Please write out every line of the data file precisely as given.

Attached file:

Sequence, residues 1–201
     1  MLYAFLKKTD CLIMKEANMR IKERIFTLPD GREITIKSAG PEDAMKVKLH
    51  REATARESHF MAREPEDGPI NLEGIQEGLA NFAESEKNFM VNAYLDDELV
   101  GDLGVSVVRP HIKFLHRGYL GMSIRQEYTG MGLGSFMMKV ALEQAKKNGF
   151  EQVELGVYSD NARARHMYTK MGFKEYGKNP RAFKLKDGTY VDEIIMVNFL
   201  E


Sequence, residues 1–201
     1  MLYAFLKKTD CLIMKEANMR IKERIFTLPD GREITIKSAG PEDAMKVKLH
    51  REATARESHF MAREPEDGPI NLEGIQEGLA NFAESEKNFM VNAYLDDELV
   101  GDLGVSVVRP HIKFLHRGYL GMSIRQEYTG MGLGSFMMKV ALEQAKKNGF
   151  EQVELGVYSD NARARHMYTK MGFKEYGKNP RAFKLKDGTY VDEIIMVNFL
   201  E